The Great Recession taught Paul McGraw the importance of specializing. His firm now focuses on renovation projects costing $2 million or less. Photo by Michael Buck
Twice in Paul McGraw’s life, he believed he had his career figured out.
At 39, right before the Great Recession devastated the economy, McGraw felt like he was on top of the world. The construction firm he started at 21, McGraw Construction, had grown significantly the previous 18 years, and McGraw believed he had life and business figured out.
The hard times made McGraw refocus, downsize and realize a business can be run much more efficiently.
“By the time I’m 39, when the recession hit, I was in business for 18 years, pretty experienced, feeling good,” McGraw said. “The recession was a lesson for me in how much I didn’t have figured out, what it looks like to have a company that is stable and solid and able to make it through tight times.”
It’s only now, nearly 10 years later, McGraw can look across the spectrum of his business and see the fun times of his early career and the tough mid-career road bumps and know his business is financially strong, disciplined and stabilized.
McGraw jokes now he might have been a dentist if he did it all over again, but he truly loves the career he began as a young man in 1989. However, it certainly could have gone down a different path.
Despite everyone in his family working in the office world as a CPA or engineer, McGraw developed an entrepreneurial itch at an early age.
“I always wanted to have my own business, be my own boss,” he said. “When I went to college, I bounced around a lot, because ultimately, I wanted to be my own boss. College was not a very interesting experience for me, and to some degree, it was more in the way of the path to do what I wanted to do.”
He took finance and accounting classes at Central Michigan University and Grand Valley State University, but ultimately, he did not finish school. He began working at an area construction firm during the summer when he was 18.
“The bell went off, that’s where it struck me construction was something I really enjoyed,” McGraw said. “From there, it took me a few years to make the leap.”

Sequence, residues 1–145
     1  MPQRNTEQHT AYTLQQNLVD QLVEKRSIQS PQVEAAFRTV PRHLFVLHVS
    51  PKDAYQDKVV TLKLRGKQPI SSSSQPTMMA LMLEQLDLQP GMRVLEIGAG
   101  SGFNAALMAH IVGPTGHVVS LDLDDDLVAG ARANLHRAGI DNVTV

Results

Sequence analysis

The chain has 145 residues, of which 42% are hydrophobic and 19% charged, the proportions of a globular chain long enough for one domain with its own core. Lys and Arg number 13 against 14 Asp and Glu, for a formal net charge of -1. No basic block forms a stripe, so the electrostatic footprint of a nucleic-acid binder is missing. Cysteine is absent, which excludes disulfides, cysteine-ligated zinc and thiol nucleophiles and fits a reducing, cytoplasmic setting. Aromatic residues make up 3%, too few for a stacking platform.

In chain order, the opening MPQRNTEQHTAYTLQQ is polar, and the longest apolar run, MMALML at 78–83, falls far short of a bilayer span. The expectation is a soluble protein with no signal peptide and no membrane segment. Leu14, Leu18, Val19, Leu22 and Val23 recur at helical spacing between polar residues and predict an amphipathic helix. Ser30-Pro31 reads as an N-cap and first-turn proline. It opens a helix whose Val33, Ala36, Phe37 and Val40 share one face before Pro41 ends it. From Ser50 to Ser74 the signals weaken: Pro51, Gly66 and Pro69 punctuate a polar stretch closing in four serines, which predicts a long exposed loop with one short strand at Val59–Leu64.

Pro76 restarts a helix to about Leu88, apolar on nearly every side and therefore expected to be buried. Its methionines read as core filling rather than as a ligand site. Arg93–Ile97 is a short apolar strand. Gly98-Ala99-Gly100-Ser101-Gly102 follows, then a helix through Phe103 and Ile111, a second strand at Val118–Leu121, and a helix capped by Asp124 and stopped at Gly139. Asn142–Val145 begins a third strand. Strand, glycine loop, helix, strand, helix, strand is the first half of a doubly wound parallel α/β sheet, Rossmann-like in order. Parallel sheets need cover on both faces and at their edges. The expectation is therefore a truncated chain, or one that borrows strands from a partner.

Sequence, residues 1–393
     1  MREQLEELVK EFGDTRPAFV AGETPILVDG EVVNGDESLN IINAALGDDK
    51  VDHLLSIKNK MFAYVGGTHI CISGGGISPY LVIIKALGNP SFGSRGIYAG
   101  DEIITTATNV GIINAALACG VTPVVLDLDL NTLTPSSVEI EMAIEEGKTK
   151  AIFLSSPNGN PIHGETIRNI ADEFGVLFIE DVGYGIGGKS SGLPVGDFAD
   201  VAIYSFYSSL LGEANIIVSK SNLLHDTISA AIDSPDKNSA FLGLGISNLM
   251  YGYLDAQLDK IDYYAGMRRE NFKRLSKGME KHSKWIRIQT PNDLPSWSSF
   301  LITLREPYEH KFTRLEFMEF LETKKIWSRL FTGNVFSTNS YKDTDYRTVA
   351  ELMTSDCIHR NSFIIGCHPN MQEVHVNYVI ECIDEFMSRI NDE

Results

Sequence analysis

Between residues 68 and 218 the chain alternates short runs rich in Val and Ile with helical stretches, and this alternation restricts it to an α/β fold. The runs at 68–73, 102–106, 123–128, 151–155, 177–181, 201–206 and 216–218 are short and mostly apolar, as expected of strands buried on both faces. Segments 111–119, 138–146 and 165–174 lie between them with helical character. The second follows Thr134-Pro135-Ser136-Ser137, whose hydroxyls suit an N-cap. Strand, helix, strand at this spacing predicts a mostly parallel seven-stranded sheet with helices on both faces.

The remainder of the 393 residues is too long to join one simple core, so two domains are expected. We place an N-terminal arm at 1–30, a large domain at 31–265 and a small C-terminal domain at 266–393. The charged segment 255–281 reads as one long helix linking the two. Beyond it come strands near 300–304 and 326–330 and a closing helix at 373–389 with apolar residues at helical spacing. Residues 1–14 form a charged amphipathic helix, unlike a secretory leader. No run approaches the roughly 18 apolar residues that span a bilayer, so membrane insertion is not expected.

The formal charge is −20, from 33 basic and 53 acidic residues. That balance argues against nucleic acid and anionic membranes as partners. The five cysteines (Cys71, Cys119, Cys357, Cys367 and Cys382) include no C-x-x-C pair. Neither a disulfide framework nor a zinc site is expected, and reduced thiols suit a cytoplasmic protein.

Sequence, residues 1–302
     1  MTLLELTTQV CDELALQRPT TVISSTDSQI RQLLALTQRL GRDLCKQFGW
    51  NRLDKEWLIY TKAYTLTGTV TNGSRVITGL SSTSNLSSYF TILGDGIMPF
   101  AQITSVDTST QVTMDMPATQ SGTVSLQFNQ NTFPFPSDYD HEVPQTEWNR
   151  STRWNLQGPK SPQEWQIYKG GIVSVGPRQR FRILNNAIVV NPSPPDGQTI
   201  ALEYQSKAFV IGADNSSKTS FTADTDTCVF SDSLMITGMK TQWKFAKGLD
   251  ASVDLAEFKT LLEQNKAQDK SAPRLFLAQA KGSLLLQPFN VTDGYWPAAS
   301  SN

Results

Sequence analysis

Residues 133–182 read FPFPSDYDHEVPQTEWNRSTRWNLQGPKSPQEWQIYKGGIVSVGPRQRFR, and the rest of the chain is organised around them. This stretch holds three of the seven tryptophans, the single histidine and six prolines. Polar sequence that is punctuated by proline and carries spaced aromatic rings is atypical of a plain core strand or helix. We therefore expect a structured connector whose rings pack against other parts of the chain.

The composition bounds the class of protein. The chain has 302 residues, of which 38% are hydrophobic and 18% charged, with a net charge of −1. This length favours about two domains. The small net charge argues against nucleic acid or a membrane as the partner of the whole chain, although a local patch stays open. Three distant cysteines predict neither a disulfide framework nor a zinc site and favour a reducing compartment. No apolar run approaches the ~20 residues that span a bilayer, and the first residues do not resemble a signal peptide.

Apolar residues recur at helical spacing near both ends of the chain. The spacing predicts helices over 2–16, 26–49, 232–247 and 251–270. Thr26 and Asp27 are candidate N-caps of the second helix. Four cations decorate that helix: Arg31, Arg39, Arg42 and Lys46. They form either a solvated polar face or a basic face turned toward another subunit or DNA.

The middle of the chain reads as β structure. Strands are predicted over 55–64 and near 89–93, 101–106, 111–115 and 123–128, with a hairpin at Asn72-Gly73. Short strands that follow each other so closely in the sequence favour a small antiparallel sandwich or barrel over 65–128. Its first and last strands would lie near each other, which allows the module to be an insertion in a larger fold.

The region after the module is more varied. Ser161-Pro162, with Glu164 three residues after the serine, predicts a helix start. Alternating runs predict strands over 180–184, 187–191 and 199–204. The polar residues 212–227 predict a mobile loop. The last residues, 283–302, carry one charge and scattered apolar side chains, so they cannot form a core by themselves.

Despite less than three years of experience, McGraw launched his own construction firm.
Recognizing he had very little experience and couldn’t manage major projects, McGraw took small one-operation jobs, such as doors, kitchens and roofs.
“It was all under the idea that as I did each part and piece, eventually, I would combine two or three into a larger project,” he said. “When you’ve done 15 doors, you get to know doors pretty well. Then you combine doors with building a wall, now you’re able to know drywall, studs, electrical and painting.”
His first major project was a renovation of Universal Forest Products’ research and development center. The first ground-up building was an adult-foster care home for Hope Network, also his first stake in a development.
“We ran across a build, own and lease-back project, and I brought the deal to some real estate business people I knew, and they gave me a very small stake in ownership,” he said. “I think I owned a bush out front, but it was an ownership stake.”
For years, McGraw Construction dabbled in development work along with its general contract work, concentrating on projects he believed would add value to a distressed neighborhood.
McGraw decided to pull back from development work and fully concentrate on contracting, the core business.
“Development is high risk, high leverage and not very compatible with the construction side, where you have to keep a strong balance sheet and no debt, lots of cash to get through slow downs” he said.
For McGraw to build the cash cushion took years, however. Had he not started the business so young, the slow cash flow could have been detrimental. Living with two roommates and eating pizza and macaroni and cheese kept living costs low for McGraw.
“I was able to leap over the need to make money, and certainly, the company was profitable; there just was no large salary to draw,” he said. “It was very tight living, but as a 21-year-old, that’s what it looks like anyway to some degree.”
Work in his 20s and 30s was a blast, he said. But now, work keeps him busier than ever, but McGraw said he wouldn’t change his career. The hardest part was the launching of the company.
“Once you jump into it, you don’t have a choice but to make it work,” he said.
Today, the company is a little more than half the size it was pre-recession, with 14 employees completing approximately 60 projects a year while “punching above their weight.”
Prior to the recession, McGraw Construction worked in a variety of industries in many project types and sizes. During the recession, McGraw realized the importance of specializing, and it was then the company refocused and became “unbeatable” in renovations under $2 million.
When describing his firm’s scope of work, he uses a dollar range rather than industries. He did mention the firm could be making a push to larger projects once again in the near future, but in a more controlled growth.
He said while the firm is doubling and tripling its size each year, it has steady growth, and it’s an intentional fight against the urge to be as large as possible, as he said project success is more important the company’s size.
“Unlike when I was younger, we’re being very methodical in how we’re coming back and have realized the value of having a core market we do so well in and not willing to give it up,” McGraw said.
The patience McGraw unknowingly established as a young entrepreneur biding his time to earn money as he learned the trade has paid dividends now as he looks back on his career.
“Right now, it feels like we’ve hit balance of growth and fun and making sure it’s professional,” he said. “I really feel now we’re hitting our marks and have the staff and balance sheet strength and customer base and reputation. All those things add up to where we are today.”